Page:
Friday, September 24, 2010
How to Fix the "Broken" Financial System: Stop Trying to Fix It
According to Paul Volcker, the "financial system is broken." Furthermore, with regard to limits on the abilities of regulators, he says: “Relying on judgment all the time makes for a very heavy burden whether you are regulating an individual institution or whether you are regulating the whole market.”
He's right on that. If we like markets (and I think we do), then we need to recognize we can't always regulate (or, for that matter, buy) our way out of some of these messes. I am now firmly of the mind that we should have a five-year moratorium (minimum) on financial regulation. This goes both ways -- nothing can be repealed and nothing can be added.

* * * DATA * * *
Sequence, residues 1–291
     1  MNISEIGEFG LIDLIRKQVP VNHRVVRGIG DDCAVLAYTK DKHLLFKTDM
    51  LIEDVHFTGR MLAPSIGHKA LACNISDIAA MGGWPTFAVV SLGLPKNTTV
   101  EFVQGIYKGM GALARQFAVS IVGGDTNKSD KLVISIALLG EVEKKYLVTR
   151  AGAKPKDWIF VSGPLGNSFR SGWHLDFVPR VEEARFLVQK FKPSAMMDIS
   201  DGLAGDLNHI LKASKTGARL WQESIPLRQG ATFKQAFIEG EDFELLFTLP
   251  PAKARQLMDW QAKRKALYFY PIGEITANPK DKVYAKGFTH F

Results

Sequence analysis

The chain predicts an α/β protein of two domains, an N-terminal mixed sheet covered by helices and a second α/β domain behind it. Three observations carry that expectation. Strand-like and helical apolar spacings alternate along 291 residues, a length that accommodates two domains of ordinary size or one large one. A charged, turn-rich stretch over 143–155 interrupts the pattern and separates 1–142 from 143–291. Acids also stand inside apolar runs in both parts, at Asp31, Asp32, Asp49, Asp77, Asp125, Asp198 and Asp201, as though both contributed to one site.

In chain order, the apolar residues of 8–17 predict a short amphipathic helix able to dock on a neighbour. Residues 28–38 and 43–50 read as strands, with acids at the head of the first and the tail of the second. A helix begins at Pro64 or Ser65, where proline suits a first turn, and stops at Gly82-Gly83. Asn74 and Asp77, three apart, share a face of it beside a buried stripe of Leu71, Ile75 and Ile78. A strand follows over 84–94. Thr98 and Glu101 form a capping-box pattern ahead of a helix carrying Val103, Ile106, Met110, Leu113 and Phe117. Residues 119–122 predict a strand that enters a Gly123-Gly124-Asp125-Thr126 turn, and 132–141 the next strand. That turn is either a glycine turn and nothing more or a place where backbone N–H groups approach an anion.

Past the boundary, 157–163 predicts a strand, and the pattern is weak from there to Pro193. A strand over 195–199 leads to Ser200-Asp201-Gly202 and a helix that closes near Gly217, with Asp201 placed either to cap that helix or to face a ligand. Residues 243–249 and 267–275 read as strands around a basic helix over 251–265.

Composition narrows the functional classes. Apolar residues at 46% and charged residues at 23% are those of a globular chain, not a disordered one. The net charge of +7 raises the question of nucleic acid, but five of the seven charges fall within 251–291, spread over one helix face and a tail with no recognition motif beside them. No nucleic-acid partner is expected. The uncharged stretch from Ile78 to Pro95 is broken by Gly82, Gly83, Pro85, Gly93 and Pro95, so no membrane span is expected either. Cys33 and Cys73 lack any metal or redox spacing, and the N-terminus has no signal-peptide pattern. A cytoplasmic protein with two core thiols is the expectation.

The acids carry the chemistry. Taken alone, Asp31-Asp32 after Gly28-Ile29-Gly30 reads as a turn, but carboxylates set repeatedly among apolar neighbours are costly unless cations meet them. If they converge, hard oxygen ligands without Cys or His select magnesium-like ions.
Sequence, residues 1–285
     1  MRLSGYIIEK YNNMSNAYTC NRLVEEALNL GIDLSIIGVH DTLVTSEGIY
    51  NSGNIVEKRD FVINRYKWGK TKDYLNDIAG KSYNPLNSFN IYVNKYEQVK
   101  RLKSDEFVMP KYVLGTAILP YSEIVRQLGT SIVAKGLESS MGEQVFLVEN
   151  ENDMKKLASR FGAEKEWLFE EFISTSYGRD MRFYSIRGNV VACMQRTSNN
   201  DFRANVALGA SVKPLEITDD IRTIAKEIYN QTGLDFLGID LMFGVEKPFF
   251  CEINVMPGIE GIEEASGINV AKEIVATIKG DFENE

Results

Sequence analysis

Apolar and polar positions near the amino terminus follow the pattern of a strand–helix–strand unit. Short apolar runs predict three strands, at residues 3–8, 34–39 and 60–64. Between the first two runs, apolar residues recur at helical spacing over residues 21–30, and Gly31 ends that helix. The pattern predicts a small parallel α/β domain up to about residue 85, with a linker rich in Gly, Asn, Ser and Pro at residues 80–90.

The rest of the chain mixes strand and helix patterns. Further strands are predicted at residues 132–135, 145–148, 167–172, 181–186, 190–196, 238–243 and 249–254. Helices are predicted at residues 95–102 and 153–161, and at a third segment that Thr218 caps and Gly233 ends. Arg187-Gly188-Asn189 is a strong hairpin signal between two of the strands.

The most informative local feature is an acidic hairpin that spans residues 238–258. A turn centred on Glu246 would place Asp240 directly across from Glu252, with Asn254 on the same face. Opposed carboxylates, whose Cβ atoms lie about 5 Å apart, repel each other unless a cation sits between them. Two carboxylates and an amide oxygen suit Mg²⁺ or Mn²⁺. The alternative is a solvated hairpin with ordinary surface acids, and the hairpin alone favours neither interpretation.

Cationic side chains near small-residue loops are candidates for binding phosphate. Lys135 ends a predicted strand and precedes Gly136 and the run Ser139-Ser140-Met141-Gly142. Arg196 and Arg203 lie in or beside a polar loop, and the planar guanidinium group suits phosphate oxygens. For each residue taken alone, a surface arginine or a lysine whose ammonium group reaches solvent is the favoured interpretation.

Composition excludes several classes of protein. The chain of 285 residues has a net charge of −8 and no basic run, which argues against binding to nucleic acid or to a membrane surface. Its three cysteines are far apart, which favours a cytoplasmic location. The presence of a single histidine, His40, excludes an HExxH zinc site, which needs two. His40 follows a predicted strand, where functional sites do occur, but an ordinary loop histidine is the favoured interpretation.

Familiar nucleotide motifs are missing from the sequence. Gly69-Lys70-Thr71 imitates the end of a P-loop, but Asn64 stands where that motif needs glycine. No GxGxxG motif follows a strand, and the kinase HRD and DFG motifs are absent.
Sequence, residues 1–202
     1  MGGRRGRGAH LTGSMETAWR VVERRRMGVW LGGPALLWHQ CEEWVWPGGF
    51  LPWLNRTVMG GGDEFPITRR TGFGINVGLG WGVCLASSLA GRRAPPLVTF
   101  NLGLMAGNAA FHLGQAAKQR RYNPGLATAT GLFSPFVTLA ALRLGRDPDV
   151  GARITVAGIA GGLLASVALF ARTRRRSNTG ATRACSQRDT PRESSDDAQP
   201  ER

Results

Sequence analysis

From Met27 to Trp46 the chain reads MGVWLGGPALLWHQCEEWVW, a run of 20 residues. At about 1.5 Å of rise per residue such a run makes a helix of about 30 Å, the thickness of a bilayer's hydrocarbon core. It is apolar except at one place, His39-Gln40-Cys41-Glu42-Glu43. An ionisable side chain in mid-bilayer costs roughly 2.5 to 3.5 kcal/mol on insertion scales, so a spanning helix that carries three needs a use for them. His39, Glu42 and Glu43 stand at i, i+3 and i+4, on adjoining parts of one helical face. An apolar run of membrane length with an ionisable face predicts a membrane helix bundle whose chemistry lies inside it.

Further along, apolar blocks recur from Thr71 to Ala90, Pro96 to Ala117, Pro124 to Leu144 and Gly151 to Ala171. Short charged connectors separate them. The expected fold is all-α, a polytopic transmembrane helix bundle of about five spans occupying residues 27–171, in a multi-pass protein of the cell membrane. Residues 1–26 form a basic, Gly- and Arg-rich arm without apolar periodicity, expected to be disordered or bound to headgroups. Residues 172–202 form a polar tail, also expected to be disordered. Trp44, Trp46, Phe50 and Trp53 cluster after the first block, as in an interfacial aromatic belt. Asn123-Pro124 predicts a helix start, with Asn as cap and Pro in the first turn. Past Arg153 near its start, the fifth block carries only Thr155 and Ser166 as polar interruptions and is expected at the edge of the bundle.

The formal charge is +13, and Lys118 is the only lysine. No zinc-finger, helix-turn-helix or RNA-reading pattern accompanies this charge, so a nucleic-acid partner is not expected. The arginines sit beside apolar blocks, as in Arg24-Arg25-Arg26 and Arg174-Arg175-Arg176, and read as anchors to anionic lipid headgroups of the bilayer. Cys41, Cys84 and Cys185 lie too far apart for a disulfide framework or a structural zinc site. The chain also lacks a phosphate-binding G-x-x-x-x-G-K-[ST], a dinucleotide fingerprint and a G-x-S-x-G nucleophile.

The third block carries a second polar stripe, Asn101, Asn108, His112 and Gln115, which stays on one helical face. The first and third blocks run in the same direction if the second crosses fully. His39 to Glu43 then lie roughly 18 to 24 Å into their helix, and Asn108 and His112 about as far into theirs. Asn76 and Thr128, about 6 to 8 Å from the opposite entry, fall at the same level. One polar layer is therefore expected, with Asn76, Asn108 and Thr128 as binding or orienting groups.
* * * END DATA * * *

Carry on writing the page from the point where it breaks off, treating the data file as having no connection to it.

I am of a mixed mind on the new financial regulations, but since they already passed, I say leave them alone and let the market adjust. Similarly, with regard to Sarbanes-Oxley, regardless of whether one likes it, it's part of the current market, and companies have adjusted to it. So - leave it all alone. Regulators need to work with what they have, and businesses have to work with what is there.
I happen to think that we have a fairly solid system in place, but there are clearly some inherent potential pitfalls built into that system. I just think those pitfalls are primarily because the financial system is a (relatively) open market. Markets involves people, which means that at every level (as a consumer, a seller, or a regulator) we are still, as Mr. Volcker puts it, "[r]elying on judgment all the time." And no matter what we do, that's part of the problem.
Unless, of course, we're living in The Matrix. Then, who cares?